Benjamin Lees

Lees, Benjamin

Benjamin Lees (January 8, 1924 – May 31, 2010) was an American composer of classical music.

After serving in the United States military, Lees studied composition under Halsey Stevens, as well as with Kalitz and Ingolf Dahl, at the University of Southern California in Los AngelesCalifornia. Composer George Antheil, impressed by Lees’ compositions, offered further tutelage; this period lasted four years, at the end of which Lees won a Fromm Foundation Award. Of Antheil, Lees declared: “He changed my life.”[4]

The receipt of a Guggenheim Fellowship in 1954 allowed him to live in Europe, realizing his goal of developing his individual style away from current fashions in the American art music scene and resulting in a number of mature and impressive works.[5] Returning to the United States in 1961, he divided his time between composition and teaching at several institutions. These included the Peabody Conservatory (1962–64, 1966–68), Queens College (1964–66), the Manhattan School of Music (1972–74), and the Juilliard School (1976–77).[5]

Lees rejected atonalism and Americana in favor of classical structures. Niall O’Loughlin writes in The New Grove Dictionary of Music and Musicians, “From an early interest in the bittersweet melodic style of Prokofiev and the bizarre and surrealist aspects of Bartók‘s music, he progressed naturally under the unconventional guidance of Antheil.”[5] Lees’ music is rhythmically active, with frequently changing accents and meter even in his early works, and is known for its semitonal inflections in melody and harmony.[5]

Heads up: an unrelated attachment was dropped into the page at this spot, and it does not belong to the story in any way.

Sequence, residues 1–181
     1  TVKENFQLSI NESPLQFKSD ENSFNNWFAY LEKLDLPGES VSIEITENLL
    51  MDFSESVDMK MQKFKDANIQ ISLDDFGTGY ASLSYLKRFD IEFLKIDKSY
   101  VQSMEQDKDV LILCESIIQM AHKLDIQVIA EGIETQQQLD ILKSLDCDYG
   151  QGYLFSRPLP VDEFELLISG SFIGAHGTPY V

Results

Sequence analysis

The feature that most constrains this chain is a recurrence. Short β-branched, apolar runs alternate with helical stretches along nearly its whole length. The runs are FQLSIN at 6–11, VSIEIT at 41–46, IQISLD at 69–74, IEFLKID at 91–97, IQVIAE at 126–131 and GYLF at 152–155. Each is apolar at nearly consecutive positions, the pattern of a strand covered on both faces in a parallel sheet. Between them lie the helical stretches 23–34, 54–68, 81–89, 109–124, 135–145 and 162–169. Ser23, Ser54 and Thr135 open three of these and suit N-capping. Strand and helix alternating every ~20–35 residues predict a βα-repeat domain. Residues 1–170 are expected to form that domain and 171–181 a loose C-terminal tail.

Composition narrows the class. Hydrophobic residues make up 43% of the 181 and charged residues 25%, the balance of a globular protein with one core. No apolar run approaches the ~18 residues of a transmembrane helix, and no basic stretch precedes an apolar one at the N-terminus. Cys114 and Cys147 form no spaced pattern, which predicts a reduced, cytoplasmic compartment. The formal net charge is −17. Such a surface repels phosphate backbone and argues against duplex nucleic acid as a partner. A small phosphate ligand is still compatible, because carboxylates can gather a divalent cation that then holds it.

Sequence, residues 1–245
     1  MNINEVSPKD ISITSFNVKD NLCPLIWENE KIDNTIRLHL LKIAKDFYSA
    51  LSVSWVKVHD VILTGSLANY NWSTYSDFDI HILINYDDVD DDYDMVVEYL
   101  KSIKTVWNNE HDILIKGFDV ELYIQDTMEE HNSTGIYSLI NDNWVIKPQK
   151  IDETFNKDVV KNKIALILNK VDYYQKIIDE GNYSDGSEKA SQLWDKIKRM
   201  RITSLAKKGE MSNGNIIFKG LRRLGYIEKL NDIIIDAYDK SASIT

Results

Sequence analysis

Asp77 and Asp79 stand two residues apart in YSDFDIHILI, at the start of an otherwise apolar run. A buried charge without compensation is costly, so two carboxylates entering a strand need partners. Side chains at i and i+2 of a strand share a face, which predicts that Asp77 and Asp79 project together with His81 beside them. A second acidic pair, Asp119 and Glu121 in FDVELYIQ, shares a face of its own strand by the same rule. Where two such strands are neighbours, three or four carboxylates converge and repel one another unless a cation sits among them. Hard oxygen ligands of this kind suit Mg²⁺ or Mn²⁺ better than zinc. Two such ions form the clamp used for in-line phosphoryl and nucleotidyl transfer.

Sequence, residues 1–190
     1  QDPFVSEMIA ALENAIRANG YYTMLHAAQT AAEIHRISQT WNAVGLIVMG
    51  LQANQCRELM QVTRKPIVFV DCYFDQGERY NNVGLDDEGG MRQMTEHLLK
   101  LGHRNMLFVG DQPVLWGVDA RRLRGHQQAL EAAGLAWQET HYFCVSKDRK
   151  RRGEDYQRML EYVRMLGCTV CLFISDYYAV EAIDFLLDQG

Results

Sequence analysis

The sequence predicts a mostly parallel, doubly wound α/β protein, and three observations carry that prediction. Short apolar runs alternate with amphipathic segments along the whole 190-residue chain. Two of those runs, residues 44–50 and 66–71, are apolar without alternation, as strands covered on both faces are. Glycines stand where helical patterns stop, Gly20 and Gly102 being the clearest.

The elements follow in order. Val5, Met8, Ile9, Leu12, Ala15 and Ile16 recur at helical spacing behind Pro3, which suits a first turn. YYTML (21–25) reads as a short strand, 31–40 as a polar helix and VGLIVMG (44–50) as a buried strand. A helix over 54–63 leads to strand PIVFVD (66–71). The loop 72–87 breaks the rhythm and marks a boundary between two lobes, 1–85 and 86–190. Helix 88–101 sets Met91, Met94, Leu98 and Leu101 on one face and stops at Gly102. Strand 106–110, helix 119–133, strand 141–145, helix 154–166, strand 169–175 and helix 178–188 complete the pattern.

In 1954, the NBC Symphony Orchestra performed his Profiles for Orchestra on a national radio broadcast.[6] In 1970, Medea in Corinth, his one-act musical drama, was given its premiere at the Purcell Room, Queen Elizabeth Hall, London,[7] and was subsequently broadcast by CBS Television in 1974.[8] Other, notable works include Symphony No. 4: Memorial Candles, commissioned by the Dallas Symphony Orchestra in 1985 to commemorate the Holocaust, and Symphony No. 5: Kalmar Nyckel, written in 1986 to honor the founding of Wilmington, Delaware.[6] (Kalmar Nyckel was the name of the ship that first carried the original settlers from Sweden to what would become Wilmington.)[6] In 1994 Echoes of Normandy was commissioned by the Dallas Symphony Orchestra to commemorate the 50th anniversary of the D-Day landings.[7] His 1998 Piano Trio no. 2, “Silent Voices” was written in Palm Springs.[9]

Lees received a Grammy nomination for Kalmar Nyckel in 2003, following release of a recording by the German orchestra Staatsphilharmonie Rheinland-Pfalz under Stephen Gunzenhauser.[6] He lost to Dominick Argento.[6]

Lees married Luba Leatrice Banks in 1948. They had one daughter.[1] Lees donated his archive of manuscripts, sketches, scores, letters, photographs, articles, recordings and posters to Yale University. Shortly before his death at age 86, he emailed that he was, “busy as fleas in a circus”.[1] He died in Glen Cove, New York.

Awards and honors

Albums Featuring this Artist